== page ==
North American Network Operators Group

Date Prev | Date Next | Date Index | Thread Index | Author Index | Historical

FW: update

  • From: Roeland M.J. Meyer
  • Date: Tue Sep 26 15:14:00 2000

> > Simpler than what you suggest is to read RFC 2644, then turn off
> > directed broadcasts in routers being deployed, and making the 
> > default be
> > DISABLED on new routers.
> I agree. But, for some reason, that isn't working as well as 
> it should. BTW, one feature that has been enabled for years 
> is a default ingress filter that blocks inbound packets that 
> have a source addr from inside the net-block (obviously wrong 
> or an attack). Because bcast addrs values are configuration 
> dependent, it is not possible to use such a generic filter. 
> However, it should be possible to build dynamic bcast 
> scanning into a router such that it scans the internal net 
> for bcast addrs and subsequently ingress filters all packets 
> to those source addrs that do not originate on the local 
> netblock. This will not solve the immediate problem with 
> existing routers. But, that same method can be used to scan 
> the /24 and auto-generate the required filter statements for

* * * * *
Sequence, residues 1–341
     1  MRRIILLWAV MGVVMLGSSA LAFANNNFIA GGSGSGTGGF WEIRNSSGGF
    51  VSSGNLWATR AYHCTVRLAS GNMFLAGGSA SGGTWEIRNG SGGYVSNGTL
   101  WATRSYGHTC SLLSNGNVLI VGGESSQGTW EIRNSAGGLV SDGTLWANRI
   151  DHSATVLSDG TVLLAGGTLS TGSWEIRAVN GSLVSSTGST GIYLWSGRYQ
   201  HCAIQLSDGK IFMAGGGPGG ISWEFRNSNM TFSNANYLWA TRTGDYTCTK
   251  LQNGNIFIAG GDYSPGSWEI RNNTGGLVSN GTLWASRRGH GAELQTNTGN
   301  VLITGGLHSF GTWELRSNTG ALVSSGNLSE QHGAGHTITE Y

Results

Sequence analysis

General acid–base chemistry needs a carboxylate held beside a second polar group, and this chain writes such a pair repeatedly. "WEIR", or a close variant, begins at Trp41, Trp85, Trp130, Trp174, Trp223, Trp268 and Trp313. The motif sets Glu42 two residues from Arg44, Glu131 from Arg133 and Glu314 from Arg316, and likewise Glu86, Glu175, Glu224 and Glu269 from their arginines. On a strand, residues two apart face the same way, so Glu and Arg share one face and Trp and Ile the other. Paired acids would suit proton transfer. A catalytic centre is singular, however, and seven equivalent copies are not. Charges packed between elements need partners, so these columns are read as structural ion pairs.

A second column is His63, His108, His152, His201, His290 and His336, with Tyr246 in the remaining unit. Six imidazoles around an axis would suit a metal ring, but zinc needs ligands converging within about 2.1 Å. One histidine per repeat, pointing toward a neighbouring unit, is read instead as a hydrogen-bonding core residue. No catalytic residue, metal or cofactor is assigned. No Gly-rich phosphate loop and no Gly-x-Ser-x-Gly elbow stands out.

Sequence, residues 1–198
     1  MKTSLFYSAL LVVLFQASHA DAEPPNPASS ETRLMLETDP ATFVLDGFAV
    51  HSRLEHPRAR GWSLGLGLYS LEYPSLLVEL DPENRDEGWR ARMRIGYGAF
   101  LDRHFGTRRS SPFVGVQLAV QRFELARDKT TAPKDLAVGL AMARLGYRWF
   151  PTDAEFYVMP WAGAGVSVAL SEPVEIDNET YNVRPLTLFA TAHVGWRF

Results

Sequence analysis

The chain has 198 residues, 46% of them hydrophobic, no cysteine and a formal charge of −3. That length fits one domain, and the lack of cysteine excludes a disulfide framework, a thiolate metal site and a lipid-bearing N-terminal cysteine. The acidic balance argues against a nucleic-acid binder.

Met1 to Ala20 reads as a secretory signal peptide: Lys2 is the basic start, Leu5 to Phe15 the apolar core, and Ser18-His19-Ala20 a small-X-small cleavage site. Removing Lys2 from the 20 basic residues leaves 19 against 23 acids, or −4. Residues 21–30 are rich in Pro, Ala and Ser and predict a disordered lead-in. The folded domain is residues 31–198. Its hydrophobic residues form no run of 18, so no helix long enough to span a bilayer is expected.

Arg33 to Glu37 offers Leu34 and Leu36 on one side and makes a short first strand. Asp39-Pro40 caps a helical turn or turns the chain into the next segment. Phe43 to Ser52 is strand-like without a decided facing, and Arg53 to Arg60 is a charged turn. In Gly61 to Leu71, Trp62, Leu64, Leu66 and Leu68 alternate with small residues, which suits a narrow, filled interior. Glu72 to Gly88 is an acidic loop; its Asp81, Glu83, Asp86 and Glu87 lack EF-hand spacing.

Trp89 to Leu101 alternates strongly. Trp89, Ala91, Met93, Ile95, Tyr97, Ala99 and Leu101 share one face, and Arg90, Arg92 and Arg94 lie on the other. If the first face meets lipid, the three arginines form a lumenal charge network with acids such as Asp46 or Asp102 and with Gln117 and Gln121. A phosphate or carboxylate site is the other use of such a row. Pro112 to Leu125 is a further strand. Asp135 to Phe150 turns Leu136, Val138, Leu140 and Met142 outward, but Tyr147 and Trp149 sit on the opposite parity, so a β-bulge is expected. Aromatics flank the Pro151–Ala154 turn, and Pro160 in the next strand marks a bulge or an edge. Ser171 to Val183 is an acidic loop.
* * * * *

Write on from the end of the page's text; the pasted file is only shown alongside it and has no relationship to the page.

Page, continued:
> the firewall. The upstream can run it the other way, for the 
> client, except that they would be egress filtering. This 
> method requires no edits.
> > I'd rather see sites spend their time on that rather than 
> > adding INADDR entries to their domains. Remember that 
> delegations to other
> > organizations (i.e. clients of ISPs) are able to subdivide networks
> > further, and that won't be apparent to the ISP.
> Agreed, that's why I also wrote about dynamic bcast discovery methods.
> In case anyone missed my point, using BGP blackholing becomes 
> anti-social behavior when more surgical techniques are 
> available. Moreso when such techniques aren't even explored 
> before implementing the blackhole method.
> MAPS has only gained a modicum of acceptability because more 
> socially acceptable methods were tried and subsequently 
> failed. Moreover, they have been shown to not even be 
> feasible. This is NOT the case with the smurf-amp problem. I, 
> for one, am NOT convinced that sufficient thought has been 
> directed at more socially acceptable alternative solutions.